. The exceptions are when using the volumetric version of PorousFlow (when `multiply_by_density = false`

appears in your input file) or in non-fluid simulations (`function_of = temperature`

).

### The character

The in Eq. (7) is called the `character`

of the wellbore. There are two standard choices (note that depends only on the absolute value ).

With

`character = 1`

then for , and zero otherwise. In this case the wellbore is called a*production*wellbore, and it acts as a sink, removing fluid from the porespace.With

`character=-1`

, for , and zero otherwise. In this case the wellbore is called an*injection*wellbore, and it acts as a source, adding fluid to the porespace.

Generalising, `character`

may be chosen to be different from , which is useful for time-varying borehole strengths. The above two choices are generalised to:

if the wellbore is active only for (and has zero strength otherwise);

if the wellbore is active only for .

### The well constant

The function is called the `well_constant`

of the wellbore, and is measured in units of length. Usually it is computed automatically by PorousFlow using Peaceman's formulae, below.

Peaceman described the form of by performing 2D analytical and numerical calculations to obtain the following formula

(8)

In this formula:

the borehole is oriented along the direction (this is generalised in PorousFlow: the direction is defined by the plaintext file of points mentioned in Eq. (3));

and are the diagonal components of the permeability tensor in the plane (defined by a PorousFlow Material, and generalised in PorousFlow to consider the components normal to the borehole direction);

is the length of the borehole (defined by the plaintext file of points in Eq. (3));

is the borehole radius (an input parameter, which is encoded in the plaintext file of points as the first entry in each row: see Eq. (3));

is the effective borehole radius.

For a cell-centred finite-difference approach, Peaceman (1983) found that (9) Here and are the finite-difference spatial sizes.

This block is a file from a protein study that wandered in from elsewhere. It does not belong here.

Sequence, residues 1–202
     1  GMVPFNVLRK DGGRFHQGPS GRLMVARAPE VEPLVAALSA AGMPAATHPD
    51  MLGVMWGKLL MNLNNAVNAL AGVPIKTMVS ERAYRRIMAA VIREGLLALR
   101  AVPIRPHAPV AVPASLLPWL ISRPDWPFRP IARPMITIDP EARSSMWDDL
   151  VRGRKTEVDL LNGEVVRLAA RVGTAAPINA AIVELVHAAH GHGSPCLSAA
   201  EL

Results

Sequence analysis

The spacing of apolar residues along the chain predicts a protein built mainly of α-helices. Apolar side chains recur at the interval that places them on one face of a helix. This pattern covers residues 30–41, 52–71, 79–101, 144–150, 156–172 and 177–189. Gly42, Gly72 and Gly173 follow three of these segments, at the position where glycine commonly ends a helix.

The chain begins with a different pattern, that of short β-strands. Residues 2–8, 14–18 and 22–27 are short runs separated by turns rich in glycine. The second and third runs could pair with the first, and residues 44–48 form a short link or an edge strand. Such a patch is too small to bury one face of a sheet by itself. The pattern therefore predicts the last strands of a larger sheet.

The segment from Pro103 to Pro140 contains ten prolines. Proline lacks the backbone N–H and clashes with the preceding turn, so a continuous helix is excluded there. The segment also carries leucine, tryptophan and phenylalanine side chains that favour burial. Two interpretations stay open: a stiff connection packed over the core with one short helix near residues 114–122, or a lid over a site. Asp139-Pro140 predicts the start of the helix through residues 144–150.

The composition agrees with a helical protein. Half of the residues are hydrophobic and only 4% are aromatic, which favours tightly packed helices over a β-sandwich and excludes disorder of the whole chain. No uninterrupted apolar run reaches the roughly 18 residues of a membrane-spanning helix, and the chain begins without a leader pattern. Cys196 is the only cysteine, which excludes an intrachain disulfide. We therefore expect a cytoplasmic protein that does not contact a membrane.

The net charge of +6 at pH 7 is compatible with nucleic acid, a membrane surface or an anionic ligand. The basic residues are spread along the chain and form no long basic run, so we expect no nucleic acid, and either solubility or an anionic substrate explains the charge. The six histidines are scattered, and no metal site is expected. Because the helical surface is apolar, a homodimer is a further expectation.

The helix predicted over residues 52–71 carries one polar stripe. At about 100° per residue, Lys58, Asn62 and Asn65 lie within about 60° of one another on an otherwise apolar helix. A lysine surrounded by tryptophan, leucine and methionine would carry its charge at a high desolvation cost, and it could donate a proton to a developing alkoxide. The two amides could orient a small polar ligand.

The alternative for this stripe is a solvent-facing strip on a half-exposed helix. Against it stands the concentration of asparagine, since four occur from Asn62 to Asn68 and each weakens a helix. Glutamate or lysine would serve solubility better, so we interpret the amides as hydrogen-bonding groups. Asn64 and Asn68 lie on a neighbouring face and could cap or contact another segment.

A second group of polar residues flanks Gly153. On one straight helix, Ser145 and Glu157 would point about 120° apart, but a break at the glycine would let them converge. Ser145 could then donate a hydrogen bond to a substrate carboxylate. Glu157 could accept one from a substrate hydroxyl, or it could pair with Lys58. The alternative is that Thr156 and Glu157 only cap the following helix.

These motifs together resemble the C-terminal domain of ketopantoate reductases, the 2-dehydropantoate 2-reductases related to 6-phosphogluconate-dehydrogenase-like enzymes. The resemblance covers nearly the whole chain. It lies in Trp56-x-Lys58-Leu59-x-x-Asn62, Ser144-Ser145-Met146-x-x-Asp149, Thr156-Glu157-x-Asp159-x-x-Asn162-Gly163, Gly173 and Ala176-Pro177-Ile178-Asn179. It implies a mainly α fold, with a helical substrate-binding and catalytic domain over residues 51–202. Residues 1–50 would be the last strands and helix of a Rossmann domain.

Other authors have generalised Peaceman's approach to writing for different geometrical situations. Some of these are contained in Chen and Zhang (2009), where they show that for a finite element situation with square elements of size , the borehole at a nodal position, and isotropic permeability

(10)

Note that the 0.113 is substantially different to Peaceman's 0.2, demonstrating that this method of introducing wellbores dependent on the geometry. The user may specify this quantity via the `re_constant`

input parameter (which defaults to Peaceman's 0.28).

### Simple examples

In the following examples, a vertical borehole is placed through the centre of a single element, and fluid flow to the borehole as a function of porepressure is measured. The borehole geometry is

```
# fully-saturated
# production
[Mesh]
type = GeneratedMesh
dim = 3
nx = 1
ny = 1
nz = 1
xmin = -1
xmax = 1
ymin = -1
ymax = 1
zmin = -1
zmax = 1
[]
[GlobalParams]
PorousFlowDictator = dictator
[]
[Variables]
[./pp]
initial_condition = 1E7
[../]
[]
[Kernels]
[./mass0]
type = PorousFlowMassTimeDerivative
fluid_component = 0
variable = pp
[../]
[]
[UserObjects]
[./borehole_total_outflow_mass]
type = PorousFlowSumQuantity
[../]
[./dictator]
type = PorousFlowDictator
porous_flow_vars = 'pp'
number_fluid_phases = 1